Rural community group Save Leitrim has issued a response to the recent announcement by the Department of Agriculture, Food and the Marine on the matter of the issuing of forestry licences.

Making a number of points on the topic, the group first noted that legislation has not changed in relation to various EU directives covering natura sites such as Special Protection Areas (SPAs), Special Areas of Conservation (SACs) and Annex listed species.

Because of this, Save Leitrim claims that “all appeals and decisions made to date have been in breach of these regulations”.

It is most likely the forest service was not in compliance with these EU regulations and the Minister [of State at the Department of Agriculture, Food and the Marine Andrew Doyle] and his officials have been dismissive and in contempt when making these decisions.

In addition, noting that the department is set to recruit new ecologists, Save Leitrim has requested a review of “all applications approved in relation to protected habitats and protected species”.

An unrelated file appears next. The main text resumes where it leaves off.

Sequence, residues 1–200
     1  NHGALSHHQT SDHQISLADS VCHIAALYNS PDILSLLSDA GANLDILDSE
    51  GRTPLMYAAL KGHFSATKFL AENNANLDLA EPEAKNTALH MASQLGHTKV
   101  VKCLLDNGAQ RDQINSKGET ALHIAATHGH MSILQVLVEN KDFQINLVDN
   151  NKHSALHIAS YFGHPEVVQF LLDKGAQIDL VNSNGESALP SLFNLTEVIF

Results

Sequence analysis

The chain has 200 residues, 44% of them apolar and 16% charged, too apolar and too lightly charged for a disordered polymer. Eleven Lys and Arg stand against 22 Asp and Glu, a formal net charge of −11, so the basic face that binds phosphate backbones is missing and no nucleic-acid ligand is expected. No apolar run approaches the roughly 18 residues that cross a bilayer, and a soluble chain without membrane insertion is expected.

Finally, the group claims: “We know that the minister is very familiar with all of the investors that he has recently met, yet Minister Doyle refuses to meet with any person or group that have highlighted serious ecological and social concerns in relation to grant driven applications.”

Forestry licences

Last week, Minister Doyle noted that there have been delays in the issuing of licences due to necessary changes in the procedures surrounding appropriate assessment, a requirement as part of the approvals process.

“More transparent and robust” procedures are being introduced which will demonstrate the process by which the department arrives at a final decision regarding whether or not a project will adversely affect the integrity of a natura site, according to the department.

“We have a responsibility to ensure that all forestry applications are scrutinised and held to the highest possible environmental standards,” Minister Doyle said.